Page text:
In this episode you learned the experience requirements needed before becoming an apartment syndicator, in regards to both business and real estate, and you also answered, or are going to answer the list of real estate and business background questions in order to give yourself a rating of 1 through 10. 1 is someone who has no business or real estate background, 10 is someone who has taken an apartment syndication deal full-cycle. And based off of that, you’re going to determine if you’re ready to become a syndicator, or if you need to spend a little bit more time building up a track record.

Now, one of the most common questions I see on Bigger Pockets as it relates to apartment syndications is “What’s the fastest way I can get started?” The answer, of course, like everything in real estate, is it depends on your background. If you’re just coming out of college and you have no real estate experience, and you have no business experience, while it’s possible to become a syndicator if you find the right team members, it’s gonna be difficult. You’re gonna face the challenge of raising money, and of finding team members who are going to send you deals and trust you, because you haven’t proven yourself yet.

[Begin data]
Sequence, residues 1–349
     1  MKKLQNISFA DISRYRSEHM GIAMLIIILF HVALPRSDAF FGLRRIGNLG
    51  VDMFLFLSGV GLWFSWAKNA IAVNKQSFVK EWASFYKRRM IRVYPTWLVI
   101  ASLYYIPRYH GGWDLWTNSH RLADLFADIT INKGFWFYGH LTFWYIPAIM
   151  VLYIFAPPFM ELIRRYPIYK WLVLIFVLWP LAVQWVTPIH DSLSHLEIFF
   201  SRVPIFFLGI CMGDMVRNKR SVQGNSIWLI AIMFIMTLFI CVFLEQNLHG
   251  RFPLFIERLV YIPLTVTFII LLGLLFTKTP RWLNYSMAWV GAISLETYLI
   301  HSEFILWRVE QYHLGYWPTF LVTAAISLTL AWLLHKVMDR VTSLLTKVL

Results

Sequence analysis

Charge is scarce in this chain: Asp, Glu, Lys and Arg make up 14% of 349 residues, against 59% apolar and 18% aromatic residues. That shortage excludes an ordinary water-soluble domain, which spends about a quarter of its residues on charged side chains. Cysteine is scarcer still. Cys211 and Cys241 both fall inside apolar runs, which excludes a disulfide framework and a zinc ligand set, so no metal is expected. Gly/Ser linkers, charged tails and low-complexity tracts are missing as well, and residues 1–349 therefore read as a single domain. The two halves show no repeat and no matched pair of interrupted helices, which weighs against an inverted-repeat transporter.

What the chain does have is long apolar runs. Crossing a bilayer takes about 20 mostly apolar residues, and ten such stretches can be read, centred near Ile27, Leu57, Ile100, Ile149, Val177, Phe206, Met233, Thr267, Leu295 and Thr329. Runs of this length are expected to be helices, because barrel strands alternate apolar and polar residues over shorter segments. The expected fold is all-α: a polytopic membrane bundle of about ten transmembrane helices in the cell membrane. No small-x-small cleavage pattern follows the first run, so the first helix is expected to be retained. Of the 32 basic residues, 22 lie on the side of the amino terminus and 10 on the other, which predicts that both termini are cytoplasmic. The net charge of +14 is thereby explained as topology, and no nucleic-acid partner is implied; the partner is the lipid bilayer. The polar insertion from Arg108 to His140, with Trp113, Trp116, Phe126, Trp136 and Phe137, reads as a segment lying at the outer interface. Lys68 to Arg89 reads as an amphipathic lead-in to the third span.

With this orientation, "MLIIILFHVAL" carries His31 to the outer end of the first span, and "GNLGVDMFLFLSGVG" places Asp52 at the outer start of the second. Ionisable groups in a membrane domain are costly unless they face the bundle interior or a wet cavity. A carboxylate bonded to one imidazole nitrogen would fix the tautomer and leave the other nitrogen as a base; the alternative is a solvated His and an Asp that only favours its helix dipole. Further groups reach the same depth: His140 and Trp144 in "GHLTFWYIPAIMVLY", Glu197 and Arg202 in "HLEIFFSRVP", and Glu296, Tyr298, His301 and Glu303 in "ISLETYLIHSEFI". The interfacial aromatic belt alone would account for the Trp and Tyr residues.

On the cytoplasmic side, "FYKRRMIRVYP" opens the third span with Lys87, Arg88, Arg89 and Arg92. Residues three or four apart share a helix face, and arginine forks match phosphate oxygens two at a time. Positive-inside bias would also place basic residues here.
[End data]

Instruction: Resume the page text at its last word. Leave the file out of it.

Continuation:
So unlike house-hacking or wholesaling a deal, which takes a little bit of a background, but is more of a hustle business, apartment syndications are gonna be more relationship-based, and in order to build these relationships, you’re gonna need to have a background… Because all the team members you work with, they get paid when you’re closing a deal. If they can’t trust that you have the ability to close on a deal, then they’re likely gonna send those deals to someone else. With that being said, if you are a rating of 5 and higher, then great; you have the skillset to become an apartment syndicator, and now you just need to get educated, which we will discuss in the next episode. If you don’t, if you’re a 4 or below, then unfortunately, whether you like it or not, you’re going to need to spend a few years either investing in real estate with your own money, or working your way up through a regular W-2 job in order to leverage that experience to become an apartment syndicator.

As I mentioned, in part two we’re gonna discuss the educational requirements before becoming an apartment syndicator. In the meantime, if you want to listen to the other syndication school series about the how-to’s of becoming an apartment syndicator, and to download the free documents that we have available, visit SyndicationSchool.com.

Thank you for listening, and I will talk to you tomorrow.